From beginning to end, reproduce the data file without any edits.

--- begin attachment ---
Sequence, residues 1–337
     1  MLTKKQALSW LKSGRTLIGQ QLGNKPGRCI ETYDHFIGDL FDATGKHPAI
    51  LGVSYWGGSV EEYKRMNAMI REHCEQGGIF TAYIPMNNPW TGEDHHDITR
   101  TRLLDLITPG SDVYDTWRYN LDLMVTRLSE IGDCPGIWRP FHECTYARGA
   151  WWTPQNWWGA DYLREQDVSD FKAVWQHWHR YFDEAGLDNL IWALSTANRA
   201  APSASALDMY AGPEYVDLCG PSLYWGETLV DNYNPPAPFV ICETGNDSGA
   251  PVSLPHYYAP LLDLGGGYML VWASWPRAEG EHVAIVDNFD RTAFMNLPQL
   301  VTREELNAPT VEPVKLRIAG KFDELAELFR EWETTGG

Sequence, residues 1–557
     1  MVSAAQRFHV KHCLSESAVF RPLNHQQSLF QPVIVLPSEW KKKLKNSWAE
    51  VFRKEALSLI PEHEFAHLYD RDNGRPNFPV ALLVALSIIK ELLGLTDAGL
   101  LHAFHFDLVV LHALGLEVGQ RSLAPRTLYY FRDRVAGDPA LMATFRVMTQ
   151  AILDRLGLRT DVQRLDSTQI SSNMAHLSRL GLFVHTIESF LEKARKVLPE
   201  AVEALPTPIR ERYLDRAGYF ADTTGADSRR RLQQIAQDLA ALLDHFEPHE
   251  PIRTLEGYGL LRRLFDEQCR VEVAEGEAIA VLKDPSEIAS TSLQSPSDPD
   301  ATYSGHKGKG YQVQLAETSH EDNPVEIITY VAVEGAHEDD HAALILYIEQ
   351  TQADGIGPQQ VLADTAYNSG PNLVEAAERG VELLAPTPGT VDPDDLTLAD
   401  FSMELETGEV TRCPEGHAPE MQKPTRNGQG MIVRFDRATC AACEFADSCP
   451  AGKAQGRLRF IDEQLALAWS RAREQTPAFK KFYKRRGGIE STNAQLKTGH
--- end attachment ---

Sequence, residues 1–337
     1  MLTKKQALSW LKSGRTLIGQ QLGNKPGRCI ETYDHFIGDL FDATGKHPAI
    51  LGVSYWGGSV EEYKRMNAMI REHCEQGGIF TAYIPMNNPW TGEDHHDITR
   101  TRLLDLITPG SDVYDTWRYN LDLMVTRLSE IGDCPGIWRP FHECTYARGA
   151  WWTPQNWWGA DYLREQDVSD FKAVWQHWHR YFDEAGLDNL IWALSTANRA
   201  APSASALDMY AGPEYVDLCG PSLYWGETLV DNYNPPAPFV ICETGNDSGA
   251  PVSLPHYYAP LLDLGGGYML VWASWPRAEG EHVAIVDNFD RTAFMNLPQL
   301  VTREELNAPT VEPVKLRIAG KFDELAELFR EWETTGG

Sequence, residues 1–557
     1  MVSAAQRFHV KHCLSESAVF RPLNHQQSLF QPVIVLPSEW KKKLKNSWAE
    51  VFRKEALSLI PEHEFAHLYD RDNGRPNFPV ALLVALSIIK ELLGLTDAGL
   101  LHAFHFDLVV LHALGLEVGQ RSLAPRTLYY FRDRVAGDPA LMATFRVMTQ
   151  AILDRLGLRT DVQRLDSTQI SSNMAHLSRL GLFVHTIESF LEKARKVLPE
   201  AVEALPTPIR ERYLDRAGYF ADTTGADSRR RLQQIAQDLA ALLDHFEPHE
   251  PIRTLEGYGL LRRLFDEQCR VEVAEGEAIA VLKDPSEIAS TSLQSPSDPD
   301  ATYSGHKGKG YQVQLAETSH EDNPVEIITY VAVEGAHEDD HAALILYIEQ
   351  TQADGIGPQQ VLADTAYNSG PNLVEAAERG VELLAPTPGT VDPDDLTLAD
   401  FSMELETGEV TRCPEGHAPE MQKPTRNGQG MIVRFDRATC AACEFADSCP
   451  AGKAQGRLRF IDEQLALAWS RAREQTPAFK KFYKRRGGIE STNAQLKTGH